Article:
“Do you have these symptoms? Here is the problem I think you have and here is how I can help you solve it.”

According to Sean Murphy in “Three Sales Pitches That Never Really Work”

Approaching Early Customers

  • Poor: “Would you like to play with this?”
  • Poor:  “Would you like to use this?”
  • Poor:  “Would you feel bad if our free product was discontinued?”
  • Poor:  “You would be really stupid not to try our product.”
  • Better:  “Do you have these symptoms? Here is the problem we think you have and here is how we can help you solve it.”

Marketing is “Identifying, anticipating and satisfying customer requirements profitably.”

According to Sean Murphy

For the record I like the Chartered Institute of Marketing’s definition of Marketing: “Identifying, anticipating and satisfying customer requirements profitably.”

Beware of outreach calls from VC’s

According to Sean Murphy

At a basic level venture capitalists are arbitrageurs: they have access to more information than those with the capital, and access to more capital than those with information, and they profit by exploiting the mismatch.

Ben Thompson in Venture Capital and the Internet’s Impact

One implication that many startups take a while to realize is that VC’s are always gathering information about emerging technologies and products to maintain their advantage. Much of the time an outreach call, especially from a junior associate, is to validate a potential investment in one of your competitors.

“Thousands of semiconductor professionals will be looking for work,” says Daniel Nenni

According to Daniel Nenni

Daniel, aren’t we at a different time, where silicon startups don’t even get funding, etc ?

Yes, that is true. What the VCs do not realize is that without semiconductors there would be no Uber, AirBnB, or the other billion dollar tech unicorns that they have poured their money into.

New semiconductor companies will come from small groups of engineers that use personal investments and seed money to start. Many of them will begin as IP companies or services groups. As I mentioned before, thousands of semiconductor professionals will be looking for work due to the industry consolidation. They will either create new companies or go hungry, my opinion.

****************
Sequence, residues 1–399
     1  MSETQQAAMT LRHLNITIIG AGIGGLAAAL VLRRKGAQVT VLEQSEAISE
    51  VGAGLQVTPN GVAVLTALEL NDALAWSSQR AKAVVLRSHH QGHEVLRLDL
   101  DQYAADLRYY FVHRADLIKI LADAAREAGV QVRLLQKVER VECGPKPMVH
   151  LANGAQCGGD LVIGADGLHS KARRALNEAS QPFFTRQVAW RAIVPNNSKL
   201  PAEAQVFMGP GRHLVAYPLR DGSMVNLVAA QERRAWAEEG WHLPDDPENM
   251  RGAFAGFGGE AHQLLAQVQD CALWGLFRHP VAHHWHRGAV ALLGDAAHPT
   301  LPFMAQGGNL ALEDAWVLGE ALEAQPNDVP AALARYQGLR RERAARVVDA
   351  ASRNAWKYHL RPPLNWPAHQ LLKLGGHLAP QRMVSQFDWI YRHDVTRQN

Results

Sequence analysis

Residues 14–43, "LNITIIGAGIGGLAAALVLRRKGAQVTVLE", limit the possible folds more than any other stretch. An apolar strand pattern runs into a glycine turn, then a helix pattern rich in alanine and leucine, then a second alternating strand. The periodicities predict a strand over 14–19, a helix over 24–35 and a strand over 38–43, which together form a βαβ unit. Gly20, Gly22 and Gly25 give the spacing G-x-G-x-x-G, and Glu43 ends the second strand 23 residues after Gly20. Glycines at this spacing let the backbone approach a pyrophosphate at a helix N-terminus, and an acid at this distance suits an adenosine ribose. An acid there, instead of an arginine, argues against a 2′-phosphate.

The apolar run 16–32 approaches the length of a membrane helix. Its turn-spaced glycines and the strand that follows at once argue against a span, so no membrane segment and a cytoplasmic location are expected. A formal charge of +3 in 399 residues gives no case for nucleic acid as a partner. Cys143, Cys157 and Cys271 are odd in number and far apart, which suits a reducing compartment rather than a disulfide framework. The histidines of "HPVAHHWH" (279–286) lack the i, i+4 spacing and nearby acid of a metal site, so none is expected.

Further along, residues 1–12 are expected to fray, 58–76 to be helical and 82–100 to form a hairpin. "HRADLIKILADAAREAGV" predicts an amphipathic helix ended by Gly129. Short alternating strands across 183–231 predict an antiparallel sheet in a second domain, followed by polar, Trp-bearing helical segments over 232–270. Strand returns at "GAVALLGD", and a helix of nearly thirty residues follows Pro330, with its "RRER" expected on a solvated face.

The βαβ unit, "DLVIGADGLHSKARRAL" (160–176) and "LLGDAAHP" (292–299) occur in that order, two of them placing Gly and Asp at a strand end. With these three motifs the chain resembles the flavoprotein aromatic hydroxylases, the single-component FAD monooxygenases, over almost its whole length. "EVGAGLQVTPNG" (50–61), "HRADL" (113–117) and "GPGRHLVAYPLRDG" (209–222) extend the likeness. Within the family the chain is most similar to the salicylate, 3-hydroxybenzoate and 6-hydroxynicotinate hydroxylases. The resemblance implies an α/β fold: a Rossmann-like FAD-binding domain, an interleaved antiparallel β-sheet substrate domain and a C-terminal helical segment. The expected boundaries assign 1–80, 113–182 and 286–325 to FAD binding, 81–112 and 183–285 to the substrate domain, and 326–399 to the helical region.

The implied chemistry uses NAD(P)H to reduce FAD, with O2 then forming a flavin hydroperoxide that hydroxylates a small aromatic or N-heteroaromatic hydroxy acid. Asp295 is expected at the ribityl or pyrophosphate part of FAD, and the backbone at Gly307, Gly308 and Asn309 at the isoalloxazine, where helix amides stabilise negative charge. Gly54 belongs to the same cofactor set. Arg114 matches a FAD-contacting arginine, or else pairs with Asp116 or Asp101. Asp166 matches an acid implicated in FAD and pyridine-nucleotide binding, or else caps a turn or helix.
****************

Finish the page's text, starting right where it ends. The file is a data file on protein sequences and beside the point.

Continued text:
Reversify your product offerings

According to Carmine Gallo

“Do you have any advice?” [Nike CEO Mark] Parker asked [Apple CEO Steve] Jobs.

“Well, just one thing,” said Jobs. “Nike makes some of the best products in the world. Products that you lust after. Absolutely beautiful, stunning products. But you also make a lot of crap. Just get rid of the crappy stuff and focus on the good stuff.”


Tim Cook once commented that a traditional management philosophy taught in business schools is to reduce risk by diversifying your product offerings. Apple, he said, represents the anti–business school philosophy. Apple’s approach is to put its resources behind a few products and commit to making those products exceptionally well.

Ask for the hardest problems

According to Daniel Nenni, regarding the acquisition of Berkeley Design Automation by Mentor Graphics,

BDA built its business by literally asking leading-edge analog/mixed-signal (A/MS) design teams for the problems that no other simulator can handle and providing the solution. BDA would then move “downstream” to run circuit simulations that other simulators could run, but BDA’s Analog FastSPICE simulator would run them 5x-10x faster than any other foundry-certified simulator. They take the same approach to this day. (See BDA History)

To recruit experienced tech workers, preserve their vacation accrual rate

I’m convinced that the retention tool with the most powerful binding force on experienced Silicon Valley engineers is the acceleration of vacation accrual with each year of service.

Eventually it hits a plateau, but it takes a long time to reach that limit.

Smart, ambitious people that are feeling totally uninspired and want to try something new keep coming back to “but I’d have to start over on vacation days!”

They treasure the time they can spend with retired parents, with children who will who soon be off to college, and with a spouse in the same life stage (including the vacation accrual bind).

If you want to recruit experienced tech workers, the key compensation benefit to offer and boast about is that you won’t make them start over on vacation accrual. They aren’t looking for a raise in salary, they are looking for a raise in novelty. But if that means sacrificing special time with family, it’s not worth the price of admission.

Hire the stars you’ve already got

According to Aaron Shapiro

Performance evaluations for managers should include assessment of the volume and quality of new ideas they brought to the table.

But instead there is usually no significant reward for teaching the wider organization new and better ways. And no employee smart enough to have a “secret sauce” is stupid enough to give a company the recipe for free. If the only way to profit from an idea or insight is to keep it a personal trade secret, then that’s what smart people will do.

If CEOs really want their companies to be innovative, they need to pay for it, and translate the spreading of great ideas into significant cold hard cash.

Why not approach your most effective people, who are getting the most measurable results, and offer them a 100% bonus for the year if they teach their methods to everybody?

Would you hire one person for a year if they could greatly increase the effectiveness of the organization? Well, why not just hire the stars you’ve already got?